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Lord of the Flies - Civilization Vs. Savagery

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Symbolism and allegories are used frequently in novels. They offer the book a deeper meaning, something deeper than the words themselves. William Golding uses symbolism throughout his book, the Lord of the Flies, and created a brilliant allegory in which he presents the struggle between civilization and savagery. Some symbols - such as the conch, Piggy's glasses, and the Lord of the Flies - represent the struggle between civilization and savagery, as well as the battle between good and evil, while the characters - Ralph, Jack, Simon, and Roger - represent a political struggle in William Golding's allegory Lord of the Flies.

The meaning of the overall story constantly refers to the struggle between civilization and savagery, or good vs. evil. Golding once stated the theme of the novel as, "an attempt to trace the defects of society back to the defects of human nature" (Bufkin 1). In other words, human society is based on human nature, so human flaws also become society flaws. Continuing on, he reveals the moral of the story, which is "that the shape of a society must depend on the ethical nature of the individual and not on any political system however apparently logical or respectable" (Bufkin 1). Meaning that society depends on a person's morals rather than a government, no matter how fair and decent it may be. Even with rules and morals, any civilization, given the right circumstances, can revert back to savagery as demonstrated in this story.

Ralph, the kids' appointed chief, tries to establish rules to keep order among them, but as the kids regress to primal behavior, chaos and disorder take hold on the island. Ralph creates rules to help keep things under control. At first, Jack agrees with Ralph's decision, saying, "We've got to have rules and obey them. After all, we're not savages. We're English, and the English are best at everything" (Golding 40). Yet, as the kids spend more time on the island, they become more animal-like, Jack especially. As Jack leads his hunters on increasingly more hunts, they begin to express more primitive behavior. They painted their faces, sharpened their spears, and when they made a kill, they all chanted "Kill the pig! Cut his throat! Kill the pig! Beat him in!" (Golding 114). Jack and his hunters started to neglect their other responsibilities, like keeping the signal fire going. Ralph tries to reestablish order, calling meetings to address the problems that need fixing, but his efforts fail. Jack, who once agreed with rules, opposes them now, yelling, "Bollocks to the rules!" (Golding 91). Only after Piggy's death, after all the other kids left Ralph for Jack's tribe, does order truly vanish, leaving in its place chaos and fear as the tribe hunt Ralph. It was only after the naval officer appeared on the beach did order resume, and all that was left were a bunch of small kids painted with colored clay holding sharp sticks.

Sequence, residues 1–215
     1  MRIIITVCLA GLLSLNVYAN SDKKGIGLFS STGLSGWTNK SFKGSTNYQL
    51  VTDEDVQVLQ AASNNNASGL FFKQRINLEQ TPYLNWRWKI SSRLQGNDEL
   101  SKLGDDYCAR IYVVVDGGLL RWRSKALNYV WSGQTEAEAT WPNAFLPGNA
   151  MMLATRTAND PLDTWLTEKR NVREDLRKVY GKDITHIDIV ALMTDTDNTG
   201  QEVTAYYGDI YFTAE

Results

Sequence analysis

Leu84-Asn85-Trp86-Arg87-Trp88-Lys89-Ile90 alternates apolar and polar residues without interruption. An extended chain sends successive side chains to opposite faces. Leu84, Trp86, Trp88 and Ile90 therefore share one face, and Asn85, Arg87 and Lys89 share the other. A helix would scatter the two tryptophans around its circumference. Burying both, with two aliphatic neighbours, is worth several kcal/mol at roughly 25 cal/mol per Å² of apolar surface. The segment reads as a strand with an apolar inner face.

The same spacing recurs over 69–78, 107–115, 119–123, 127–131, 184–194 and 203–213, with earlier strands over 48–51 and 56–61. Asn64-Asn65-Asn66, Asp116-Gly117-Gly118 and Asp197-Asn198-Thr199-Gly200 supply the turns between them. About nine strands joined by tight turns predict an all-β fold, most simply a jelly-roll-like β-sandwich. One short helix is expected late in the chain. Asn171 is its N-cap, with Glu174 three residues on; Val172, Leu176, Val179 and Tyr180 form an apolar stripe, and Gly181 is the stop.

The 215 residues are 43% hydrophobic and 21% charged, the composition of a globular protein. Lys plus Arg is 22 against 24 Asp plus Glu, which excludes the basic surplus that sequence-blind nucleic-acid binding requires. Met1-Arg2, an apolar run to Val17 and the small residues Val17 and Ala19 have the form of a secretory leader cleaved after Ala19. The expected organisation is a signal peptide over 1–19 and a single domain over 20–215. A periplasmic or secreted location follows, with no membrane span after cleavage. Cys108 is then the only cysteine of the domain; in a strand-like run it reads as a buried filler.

The conch has a very important role in this story, as it represents order and reason, and the voice of authority (Bufkin 2). The conch was used to call meetings, which were held so that rules where created and problems were addressed. At meetings, only the person holding the conch may speak, and only Ralph could interrupt the person holding the conch. In the beginning, this worked, and the meetings ran smoothly, but then Jack started to create chaos. He would break the rules and talk out of turn. The conch began to lose its power. At this point, it didn't matter who held the conch; it was a free for all at the meeting. No one, not even Ralph with the conch, could control the crowd of kids. Eventually, Jack and the hunters left, and later, most of the other kids had joined them. Ralph and Piggy confronted the tribe after Jack stole Piggy's glasses in order to make fire. At this confrontation, Piggy died and the conch was broken. The breaking of the conch represents the breaking of order and reason, as well as the breaking of civilization, as savagery took complete control of the island, leading to the tribes hunt for Ralph.

Piggy's glasses also held an important part, for they represented reason. It is only right for the glasses to be worn by the smartest kid there, which in this case is Piggy. He always took a scientific and reasonable approach to their problems. The glasses could also represent knowledge, as it was used to light the signal fire. As long as order existed, so did reason, but when order began to fade, reason did the same. The confrontation where Jack smacks Piggy, causing one of the lens on his glasses to break, represents the weakening of reason and the beginning of chaos, which does not take a complete hold of the island until Piggy's death.

The Lord of the Flies is



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